Students are **required** to have established MATH 222 credit through some way. More information on enrollment requirements and warnings can be found above.

Note that you **must **be able to show on an unofficial **college **(**not** high school) transcript or **unofficial score report** that you have **completed and passed **a course or exam that will earn you credit for MATH 222. If you are still waiting on the final grade to be posted or your exam scores, you will **not **be able to complete the form to request permission until you receive the final grade or exam score. (If you passed a MATH 222 Calculus Credit Exam, you can include with your application a PDF copy of the email you received from the Math Department confirming your score.)

## Step 3: Discuss Enrollment in the Sequence With Your Advisor

Students are encouraged to discuss with their advisors if enrollment into the sequence fits with their overall academic plans and goals.

## Step 4: Complete the Enrollment Application

If after having reviewed the information presented you would like to enroll in the MATH 375/376, please fill out the Enrollment Application.

**Note:**to access the forms, you will need to use log in with your UW-Madison NetID.

You should include any and all documents that show college-level math coursework.

Note that you **must **be able to show on an unofficial **college **(**not** high school) transcript or **unofficial score report** that you have **completed and passed **a course or exam that will earn you credit for MATH 222. If you are still waiting on the final grade to be posted or your exam scores, you will **not **be able to complete the form to request permission until you receive the final grade or exam score. (If you passed a MATH 222 Calculus Credit Exam, you can include with your application a PDF copy of the email you received from the Math Department confirming your score.)

### FAQs

Below are some frequently asked questions about the sequence, as well as contact information.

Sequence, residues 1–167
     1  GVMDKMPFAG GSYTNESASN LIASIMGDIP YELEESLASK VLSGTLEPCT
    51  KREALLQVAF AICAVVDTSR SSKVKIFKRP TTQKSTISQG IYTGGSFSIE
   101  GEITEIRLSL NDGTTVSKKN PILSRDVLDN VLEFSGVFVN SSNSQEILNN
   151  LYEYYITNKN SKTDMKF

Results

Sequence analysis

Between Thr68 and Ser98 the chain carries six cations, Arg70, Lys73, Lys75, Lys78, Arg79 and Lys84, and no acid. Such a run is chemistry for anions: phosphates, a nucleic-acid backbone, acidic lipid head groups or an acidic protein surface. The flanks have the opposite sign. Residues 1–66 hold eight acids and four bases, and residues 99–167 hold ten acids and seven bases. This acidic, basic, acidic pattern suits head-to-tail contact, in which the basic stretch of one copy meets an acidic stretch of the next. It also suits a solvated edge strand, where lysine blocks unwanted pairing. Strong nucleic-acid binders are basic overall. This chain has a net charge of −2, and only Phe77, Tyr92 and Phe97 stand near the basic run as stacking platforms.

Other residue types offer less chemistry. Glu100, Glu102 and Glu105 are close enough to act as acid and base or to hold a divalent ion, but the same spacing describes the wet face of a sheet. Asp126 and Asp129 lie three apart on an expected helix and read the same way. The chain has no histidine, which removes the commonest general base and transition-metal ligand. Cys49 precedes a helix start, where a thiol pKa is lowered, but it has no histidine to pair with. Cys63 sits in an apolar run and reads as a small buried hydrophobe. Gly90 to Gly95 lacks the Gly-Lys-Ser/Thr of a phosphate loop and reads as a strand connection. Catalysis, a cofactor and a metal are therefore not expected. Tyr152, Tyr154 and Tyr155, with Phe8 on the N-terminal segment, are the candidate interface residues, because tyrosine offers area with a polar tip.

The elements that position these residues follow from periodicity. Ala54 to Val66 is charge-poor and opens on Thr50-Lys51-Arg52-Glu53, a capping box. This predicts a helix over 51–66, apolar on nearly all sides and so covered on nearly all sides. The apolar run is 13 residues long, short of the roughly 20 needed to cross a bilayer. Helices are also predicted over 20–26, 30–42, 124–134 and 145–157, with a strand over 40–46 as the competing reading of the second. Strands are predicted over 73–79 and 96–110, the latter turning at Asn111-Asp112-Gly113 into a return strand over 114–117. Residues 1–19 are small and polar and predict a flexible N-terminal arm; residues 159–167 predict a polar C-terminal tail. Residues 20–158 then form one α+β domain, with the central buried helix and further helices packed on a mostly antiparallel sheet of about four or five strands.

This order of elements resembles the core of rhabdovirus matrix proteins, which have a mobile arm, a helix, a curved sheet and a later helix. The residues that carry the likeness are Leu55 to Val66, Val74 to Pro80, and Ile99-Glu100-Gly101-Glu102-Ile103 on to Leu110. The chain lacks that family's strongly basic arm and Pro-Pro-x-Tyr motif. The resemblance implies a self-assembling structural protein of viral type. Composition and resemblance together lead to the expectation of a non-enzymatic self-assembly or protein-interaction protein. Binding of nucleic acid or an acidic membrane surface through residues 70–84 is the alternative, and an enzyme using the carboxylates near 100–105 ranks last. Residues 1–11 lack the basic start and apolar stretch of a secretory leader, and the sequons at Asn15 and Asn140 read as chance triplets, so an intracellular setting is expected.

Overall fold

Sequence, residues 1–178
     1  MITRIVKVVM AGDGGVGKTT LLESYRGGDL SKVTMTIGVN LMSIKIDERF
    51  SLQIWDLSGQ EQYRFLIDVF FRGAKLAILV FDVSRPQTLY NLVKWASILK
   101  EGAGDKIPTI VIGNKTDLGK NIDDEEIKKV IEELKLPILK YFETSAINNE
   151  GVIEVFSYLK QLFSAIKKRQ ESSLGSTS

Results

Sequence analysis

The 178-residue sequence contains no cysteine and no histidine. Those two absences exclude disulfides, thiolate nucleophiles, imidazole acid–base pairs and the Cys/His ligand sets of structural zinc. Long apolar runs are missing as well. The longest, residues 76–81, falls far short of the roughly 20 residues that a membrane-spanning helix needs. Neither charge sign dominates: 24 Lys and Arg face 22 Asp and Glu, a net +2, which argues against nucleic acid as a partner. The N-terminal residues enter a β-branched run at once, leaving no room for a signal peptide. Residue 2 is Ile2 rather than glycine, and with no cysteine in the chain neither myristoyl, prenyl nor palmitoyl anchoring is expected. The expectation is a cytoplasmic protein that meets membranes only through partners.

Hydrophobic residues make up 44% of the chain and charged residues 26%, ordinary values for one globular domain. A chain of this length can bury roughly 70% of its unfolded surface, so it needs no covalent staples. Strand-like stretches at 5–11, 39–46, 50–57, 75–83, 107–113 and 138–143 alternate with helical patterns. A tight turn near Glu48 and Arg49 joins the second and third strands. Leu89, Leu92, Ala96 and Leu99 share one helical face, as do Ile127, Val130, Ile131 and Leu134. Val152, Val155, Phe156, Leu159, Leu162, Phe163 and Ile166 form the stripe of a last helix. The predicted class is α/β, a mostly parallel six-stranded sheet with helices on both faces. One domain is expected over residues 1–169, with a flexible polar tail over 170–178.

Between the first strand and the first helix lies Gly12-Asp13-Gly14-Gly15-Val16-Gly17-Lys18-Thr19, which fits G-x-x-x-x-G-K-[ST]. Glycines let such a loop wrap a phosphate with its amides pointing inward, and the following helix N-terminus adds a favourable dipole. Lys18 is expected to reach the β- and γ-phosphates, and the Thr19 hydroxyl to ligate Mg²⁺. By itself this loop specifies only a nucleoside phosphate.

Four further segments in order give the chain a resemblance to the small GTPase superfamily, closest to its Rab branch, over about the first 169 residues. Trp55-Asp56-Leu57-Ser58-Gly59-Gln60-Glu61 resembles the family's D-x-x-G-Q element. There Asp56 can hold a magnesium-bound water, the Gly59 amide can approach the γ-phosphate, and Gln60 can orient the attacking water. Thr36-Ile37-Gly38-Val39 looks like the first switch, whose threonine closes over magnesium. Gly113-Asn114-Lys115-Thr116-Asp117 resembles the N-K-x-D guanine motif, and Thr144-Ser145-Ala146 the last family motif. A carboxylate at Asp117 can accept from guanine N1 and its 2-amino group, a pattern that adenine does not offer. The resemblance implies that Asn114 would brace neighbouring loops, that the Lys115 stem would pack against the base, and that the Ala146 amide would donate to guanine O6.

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## How do these classes compare to other math courses offered at UW-Madison? What if I only end up completing MATH 375?

The MATH 375/376 sequence covers content equivalent to MATH 234, 319, and 341. If you only complete MATH 375 then we consider that you have **only** a course in linear algebra (MATH 341) and **not **multivariable calculus (MATH 234) or differential equations (MATH 319).

## I'm concerned about my GPA. Is it difficult to get an A?

These courses are significantly more difficult than MATH 234 and include some of our best students. However, a majority are able to get very good grades.

## I already know some multivariable calculus and/or linear algebra. Will I be bored?

Probably not. MATH 375/376 is taught differently than traditional multivariable calculus courses. We cover theoretical concepts and proofs in addition to computations.

Due to significant content overlap, if you have credit for one or more of MATH 234, 319, 320, 340, or 341 then you are ineligible to enroll in the MATH 375/6 sequence. The Department of Mathematics will not be making exceptions to this. Please see our page on avoiding duplicated coursework for more information.

## Do I need credit for MATH 222?

Yes. You need to have either taken the Calculus BC exam or have equivalent credit some other way. If you have questions about this, please contact your SOAR representative.

## I'm not planning on majoring in math. Will this course be helpful in my major?

If you are planning on majoring in a mathematics-related field (finance, economics, engineering, the sciences, etc.) then the problem-solving skills you will develop in MATH 375/376 will be quite useful. Talk to you advisor at SOAR to see how this might fit with your plans for the future.

## Who will be teaching Math 375?

Professor Caglar (pronounced Chaw-lar) Uyanik will be teaching MATH 375 in the fall of 2022. He received his PhD in 2017 from the University of Illinois at Urbana-Champaign. He is joining UW-Madison this year from Yale University where he was a Gibbs Assistant Professor. His mathematical research interests include topics in ergodic theory, dynamics, and geometric group theory.

## I have more questions!

Feel free to contact the faculty members in charge of the Honors program: Prof. Andrew Zimmer (amzimmer2@math.wisc.edu) or Prof. Mitch Keller (mitch.keller@wisc.edu).